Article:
The problem for me, being a passive type, was figuring out how to get her to read the book in the first place. I read some forum postings here and there where husbands had elicited negative responses when they gave the book to their wives, so I knew that a direct approach would be bad news.

At the end of May this year, my wife and I took our first vacation alone since the kids were born, and the drive would take us across half of Tennessee, where good radio is really hard to find, let alone a steady radio signal. A couple weeks before, I started recording several hours of different XM radio channels on my work desktop and then burning them to audio CDs.

XM Channel 166 carries Schlessinger's show from 3 - 6 p.m. (ET) on weekdays. Since Schlessinger plugs her books during many of her calls, I thought that I'd record a few hours of her show. Many a year ago, when we still lived in Illinios, my wife would listen to her show sometimes, so it wasn't too much of a stretch. That might be a way of easing into the discussion of reading the book.

Sure enough, there were a couple of calls where she made the recommendation. But the calls were about only one dimension of the book (and arguably the most controversial part): giving the husband more and better sex. Knowing that I had downloaded and read the book several months before, she asked me if I thought she should read the book. I said that I would probably be a lot happier if she did.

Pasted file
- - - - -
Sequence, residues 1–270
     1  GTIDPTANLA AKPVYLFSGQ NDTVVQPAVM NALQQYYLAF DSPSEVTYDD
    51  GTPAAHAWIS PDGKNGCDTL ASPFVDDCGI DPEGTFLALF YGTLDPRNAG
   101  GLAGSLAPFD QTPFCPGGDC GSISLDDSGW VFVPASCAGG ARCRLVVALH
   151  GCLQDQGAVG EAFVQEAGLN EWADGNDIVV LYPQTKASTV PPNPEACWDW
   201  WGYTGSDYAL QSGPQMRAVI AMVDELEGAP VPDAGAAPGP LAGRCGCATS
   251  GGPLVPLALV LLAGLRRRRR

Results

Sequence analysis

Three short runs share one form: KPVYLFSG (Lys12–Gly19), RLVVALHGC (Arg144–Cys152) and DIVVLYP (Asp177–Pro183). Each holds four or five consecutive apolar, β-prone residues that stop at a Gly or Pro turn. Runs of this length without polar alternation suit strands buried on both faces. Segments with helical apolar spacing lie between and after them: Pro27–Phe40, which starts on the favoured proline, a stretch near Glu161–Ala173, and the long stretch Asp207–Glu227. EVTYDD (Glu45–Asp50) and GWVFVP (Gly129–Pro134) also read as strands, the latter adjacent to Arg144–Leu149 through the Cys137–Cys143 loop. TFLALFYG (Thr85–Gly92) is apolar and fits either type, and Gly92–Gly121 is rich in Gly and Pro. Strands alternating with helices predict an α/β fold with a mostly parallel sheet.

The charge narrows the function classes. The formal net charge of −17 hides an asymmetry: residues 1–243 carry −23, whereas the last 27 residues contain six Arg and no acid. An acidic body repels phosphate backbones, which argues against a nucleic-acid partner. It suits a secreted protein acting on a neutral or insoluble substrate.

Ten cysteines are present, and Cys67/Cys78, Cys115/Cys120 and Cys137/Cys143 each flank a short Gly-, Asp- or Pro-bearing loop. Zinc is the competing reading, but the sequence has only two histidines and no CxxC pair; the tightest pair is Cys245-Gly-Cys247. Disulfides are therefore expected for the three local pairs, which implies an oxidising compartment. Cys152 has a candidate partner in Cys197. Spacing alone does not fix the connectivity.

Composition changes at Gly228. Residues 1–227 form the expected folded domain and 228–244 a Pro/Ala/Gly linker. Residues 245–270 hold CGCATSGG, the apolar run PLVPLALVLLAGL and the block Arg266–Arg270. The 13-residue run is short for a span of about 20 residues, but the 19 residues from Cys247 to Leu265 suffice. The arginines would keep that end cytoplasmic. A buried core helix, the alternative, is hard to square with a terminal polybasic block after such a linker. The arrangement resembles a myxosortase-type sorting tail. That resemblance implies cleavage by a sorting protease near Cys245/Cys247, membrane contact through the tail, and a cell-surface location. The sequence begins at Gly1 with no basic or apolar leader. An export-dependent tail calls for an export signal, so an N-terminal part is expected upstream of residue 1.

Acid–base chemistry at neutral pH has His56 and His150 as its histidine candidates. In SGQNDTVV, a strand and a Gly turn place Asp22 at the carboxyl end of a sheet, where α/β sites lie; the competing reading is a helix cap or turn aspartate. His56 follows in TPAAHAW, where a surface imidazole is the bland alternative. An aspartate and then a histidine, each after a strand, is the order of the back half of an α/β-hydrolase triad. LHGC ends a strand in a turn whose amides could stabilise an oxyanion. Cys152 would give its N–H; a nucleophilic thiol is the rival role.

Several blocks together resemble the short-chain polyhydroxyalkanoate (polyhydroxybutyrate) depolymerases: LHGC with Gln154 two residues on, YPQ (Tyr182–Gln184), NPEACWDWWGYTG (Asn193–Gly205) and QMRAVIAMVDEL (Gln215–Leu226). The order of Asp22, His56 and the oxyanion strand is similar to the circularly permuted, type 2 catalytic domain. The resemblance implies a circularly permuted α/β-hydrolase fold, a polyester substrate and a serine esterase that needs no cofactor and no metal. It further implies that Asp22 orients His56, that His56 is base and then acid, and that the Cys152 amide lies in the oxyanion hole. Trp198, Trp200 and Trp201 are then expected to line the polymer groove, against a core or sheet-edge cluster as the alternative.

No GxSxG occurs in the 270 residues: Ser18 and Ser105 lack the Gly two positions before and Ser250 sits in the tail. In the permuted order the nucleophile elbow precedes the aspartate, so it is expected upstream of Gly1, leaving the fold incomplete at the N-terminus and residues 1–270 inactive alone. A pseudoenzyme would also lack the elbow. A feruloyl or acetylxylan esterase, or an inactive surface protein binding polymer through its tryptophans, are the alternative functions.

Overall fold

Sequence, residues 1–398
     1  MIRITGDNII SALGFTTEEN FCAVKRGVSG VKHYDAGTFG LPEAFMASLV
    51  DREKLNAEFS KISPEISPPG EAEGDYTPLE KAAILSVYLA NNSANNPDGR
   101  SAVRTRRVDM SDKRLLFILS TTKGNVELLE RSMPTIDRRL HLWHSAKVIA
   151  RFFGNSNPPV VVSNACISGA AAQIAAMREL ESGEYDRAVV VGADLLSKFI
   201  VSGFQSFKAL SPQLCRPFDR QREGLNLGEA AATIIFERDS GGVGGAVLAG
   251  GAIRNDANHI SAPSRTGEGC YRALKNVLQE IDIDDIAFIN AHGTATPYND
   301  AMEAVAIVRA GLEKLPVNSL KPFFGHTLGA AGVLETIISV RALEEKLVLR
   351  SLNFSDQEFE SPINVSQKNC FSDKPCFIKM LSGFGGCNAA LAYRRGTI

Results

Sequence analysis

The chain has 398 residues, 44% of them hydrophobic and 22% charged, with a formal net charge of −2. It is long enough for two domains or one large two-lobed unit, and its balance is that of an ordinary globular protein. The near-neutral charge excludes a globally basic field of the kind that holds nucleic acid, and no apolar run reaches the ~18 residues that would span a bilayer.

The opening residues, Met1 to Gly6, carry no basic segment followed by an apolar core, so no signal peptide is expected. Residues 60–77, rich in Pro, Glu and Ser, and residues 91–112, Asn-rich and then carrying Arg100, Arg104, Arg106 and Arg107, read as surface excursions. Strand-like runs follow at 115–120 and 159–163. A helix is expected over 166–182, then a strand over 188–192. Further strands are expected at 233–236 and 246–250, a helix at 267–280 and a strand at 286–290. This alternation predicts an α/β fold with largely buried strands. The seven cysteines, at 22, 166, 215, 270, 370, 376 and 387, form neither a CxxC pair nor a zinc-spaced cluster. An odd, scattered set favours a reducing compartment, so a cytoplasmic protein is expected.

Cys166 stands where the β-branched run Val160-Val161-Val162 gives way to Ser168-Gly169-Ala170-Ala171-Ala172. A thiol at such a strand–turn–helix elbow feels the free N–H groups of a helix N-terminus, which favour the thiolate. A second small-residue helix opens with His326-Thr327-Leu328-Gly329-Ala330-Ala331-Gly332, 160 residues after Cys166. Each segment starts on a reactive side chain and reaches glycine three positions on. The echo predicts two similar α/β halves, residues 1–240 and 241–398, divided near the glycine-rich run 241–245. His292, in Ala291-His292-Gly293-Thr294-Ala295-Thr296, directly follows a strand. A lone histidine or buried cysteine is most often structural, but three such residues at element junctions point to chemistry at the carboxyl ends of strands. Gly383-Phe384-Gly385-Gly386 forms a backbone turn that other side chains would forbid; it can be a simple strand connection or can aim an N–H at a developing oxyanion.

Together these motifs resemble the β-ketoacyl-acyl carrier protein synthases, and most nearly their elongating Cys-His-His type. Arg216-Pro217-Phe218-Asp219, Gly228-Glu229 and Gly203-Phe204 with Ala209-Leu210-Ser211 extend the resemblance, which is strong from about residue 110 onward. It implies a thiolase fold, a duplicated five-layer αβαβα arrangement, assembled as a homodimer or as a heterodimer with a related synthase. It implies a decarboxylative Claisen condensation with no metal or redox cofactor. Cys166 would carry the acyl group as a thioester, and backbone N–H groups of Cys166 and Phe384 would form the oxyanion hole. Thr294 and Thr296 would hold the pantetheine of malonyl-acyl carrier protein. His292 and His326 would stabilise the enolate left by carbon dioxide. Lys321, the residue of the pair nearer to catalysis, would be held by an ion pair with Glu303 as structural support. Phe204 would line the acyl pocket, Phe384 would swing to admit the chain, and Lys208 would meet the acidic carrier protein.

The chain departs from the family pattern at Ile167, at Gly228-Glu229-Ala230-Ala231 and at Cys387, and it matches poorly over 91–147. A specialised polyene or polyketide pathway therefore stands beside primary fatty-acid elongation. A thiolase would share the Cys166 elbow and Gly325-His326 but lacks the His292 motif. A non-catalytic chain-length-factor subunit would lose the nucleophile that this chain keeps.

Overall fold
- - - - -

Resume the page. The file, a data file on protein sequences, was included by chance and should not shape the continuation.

We didn't discuss it further, until a few weeks later. We got into a fight because I asked whether she thought she had overcommitted herself to outside activities and helping other family members. She then said that I was being insecure and said that I just wanted her to read Schlessinger's book because I wanted more sex. Moreover, she said that if she put the book's ideas into action (bearing in mind she had not read a single page of it), she'd be nothing more than my slave.

The book came up again as we entered into marriage counseling in late July. At that point, she said she might read it if I checked a copy of the book from the library. She didn't like reading books on the computer, which was understandable, and she said that she wasn't sure if she'd make it through the book because she had a hard time sticking with self help books. So, I reserved a copy and picked it up for her. I had it for a month or so, but she never read it.

The avoidance of self help materials is not limited to Schlessinger. During our marriage counseling, the therapist recommended that we read The Five Love Languages by Gary Chapman. She only read a couple chapters of that. She said it put her to sleep.